I agree that cell phones should be allowed in schools because they can be powerful teaching tools. More teachers should utilize the cell phone and it's capabilities in the learning environment. I bet students will not say "I left my phone at home " because they do not move without them. I say involve the students in their own quest for knowledge by utilizing their cell phones.

Tue, Apr 3, 2012 R. Elliott Minnesota

We have a ban on cell phones in our school. Students must turn them in to teacher a beginning of school day and get them back at the end of the day. We are a K-6 school and the majority of the students cannot handle having the phone without using other features and loose focus of the class work. Other students in vicinity of the phone carrier will also be drawn in.

Tue, Apr 3, 2012 Boston

Los Angeles, Evidently you do not understand why the issue being discussed( cell phones in the classroom) can be a detriment to students' learning.Students may use their phones before & after school, between classes,often in the restroom, and if an emergency, most teachers would let the student make a call. Your logic seems to stem from a disappointing relationship with an educational system somewhere. Why would teachers not have the right to enforce a cell phone rule, as our bosses, the Principal and Assistant Principals expect us to enforce the " no cell phones in the classroom rule". Teachers can be reprimanded for allowing this. So AhA~! if you have an issue with those "heavy-handed hawk teachers", address administrators. I am happy to know your classroom experience has been extensive and successful.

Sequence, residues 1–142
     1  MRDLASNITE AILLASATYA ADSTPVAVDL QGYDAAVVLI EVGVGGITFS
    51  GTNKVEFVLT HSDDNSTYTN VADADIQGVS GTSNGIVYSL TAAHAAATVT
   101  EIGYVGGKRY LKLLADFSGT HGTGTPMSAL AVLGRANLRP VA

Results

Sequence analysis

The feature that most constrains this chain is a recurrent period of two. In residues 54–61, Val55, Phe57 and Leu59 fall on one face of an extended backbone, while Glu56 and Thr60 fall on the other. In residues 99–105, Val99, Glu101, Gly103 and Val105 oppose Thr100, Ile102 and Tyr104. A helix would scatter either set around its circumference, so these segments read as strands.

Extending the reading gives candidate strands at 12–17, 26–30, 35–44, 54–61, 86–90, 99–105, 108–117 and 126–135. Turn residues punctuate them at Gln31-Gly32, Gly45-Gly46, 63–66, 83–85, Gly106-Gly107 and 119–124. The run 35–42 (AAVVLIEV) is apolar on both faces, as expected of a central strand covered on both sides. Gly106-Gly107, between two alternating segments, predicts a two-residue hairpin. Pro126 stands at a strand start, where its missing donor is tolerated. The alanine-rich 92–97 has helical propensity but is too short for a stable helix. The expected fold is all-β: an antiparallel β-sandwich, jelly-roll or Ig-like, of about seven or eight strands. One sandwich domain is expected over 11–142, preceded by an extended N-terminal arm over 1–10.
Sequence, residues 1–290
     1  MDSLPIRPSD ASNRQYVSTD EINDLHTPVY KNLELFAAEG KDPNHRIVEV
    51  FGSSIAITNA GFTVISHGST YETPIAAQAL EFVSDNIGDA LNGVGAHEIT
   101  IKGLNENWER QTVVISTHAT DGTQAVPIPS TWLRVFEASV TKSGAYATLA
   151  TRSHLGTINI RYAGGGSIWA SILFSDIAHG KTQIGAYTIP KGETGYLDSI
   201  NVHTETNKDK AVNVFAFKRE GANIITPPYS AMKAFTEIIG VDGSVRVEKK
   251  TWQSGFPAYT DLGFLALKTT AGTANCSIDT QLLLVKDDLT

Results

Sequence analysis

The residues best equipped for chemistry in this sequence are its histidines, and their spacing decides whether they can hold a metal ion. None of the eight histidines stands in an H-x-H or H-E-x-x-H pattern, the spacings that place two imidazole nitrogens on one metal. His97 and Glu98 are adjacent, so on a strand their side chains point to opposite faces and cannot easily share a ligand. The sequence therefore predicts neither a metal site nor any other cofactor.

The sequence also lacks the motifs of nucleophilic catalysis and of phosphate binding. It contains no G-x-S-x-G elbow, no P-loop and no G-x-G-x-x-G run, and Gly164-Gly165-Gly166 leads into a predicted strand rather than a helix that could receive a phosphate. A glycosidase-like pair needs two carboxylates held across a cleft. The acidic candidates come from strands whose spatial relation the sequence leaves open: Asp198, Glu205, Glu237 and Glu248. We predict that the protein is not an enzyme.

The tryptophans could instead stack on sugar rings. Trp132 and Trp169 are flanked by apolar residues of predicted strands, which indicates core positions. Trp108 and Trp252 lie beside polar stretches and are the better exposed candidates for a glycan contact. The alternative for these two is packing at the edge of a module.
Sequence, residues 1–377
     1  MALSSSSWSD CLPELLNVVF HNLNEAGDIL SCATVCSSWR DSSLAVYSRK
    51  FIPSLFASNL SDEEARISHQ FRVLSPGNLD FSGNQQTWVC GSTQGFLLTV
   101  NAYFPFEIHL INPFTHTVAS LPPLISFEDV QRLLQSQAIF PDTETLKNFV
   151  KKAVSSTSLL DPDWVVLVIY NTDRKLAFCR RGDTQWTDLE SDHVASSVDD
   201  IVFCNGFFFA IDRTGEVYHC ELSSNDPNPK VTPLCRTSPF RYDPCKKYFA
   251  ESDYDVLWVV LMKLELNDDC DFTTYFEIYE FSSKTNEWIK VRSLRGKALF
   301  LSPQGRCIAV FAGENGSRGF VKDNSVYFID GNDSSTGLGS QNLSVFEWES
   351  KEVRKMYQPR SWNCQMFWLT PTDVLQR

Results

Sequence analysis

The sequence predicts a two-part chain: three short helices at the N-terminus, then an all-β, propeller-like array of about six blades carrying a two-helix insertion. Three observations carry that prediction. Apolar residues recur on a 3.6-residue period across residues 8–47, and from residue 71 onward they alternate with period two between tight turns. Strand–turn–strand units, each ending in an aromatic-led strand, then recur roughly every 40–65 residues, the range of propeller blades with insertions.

Mon, Apr 2, 2012 Los Angeles

The students may have reasons why they need to use their cell phones. However, because they have heavy-handed teachers closely watching and hovering over them like hawks, they often sneek around to use them. My problems are not with the students, but with the teachers. Who is watching them breaking the same rules they are enforcing? AHA!

Mon, Apr 2, 2012 Lyn Florida

I'm sorry, but even my seniors lack the maturity to use the cell phone as the tool it could be. It is merely a distraction because they are tempted to use it for everything except what I've asked them to use it for. (Same thing goes for teachers in a faculty meeting) It's not multi-tasking, it's doing several things poorly, with distracted attention span.

Mon, Apr 2, 2012 Carter Phillips Ct.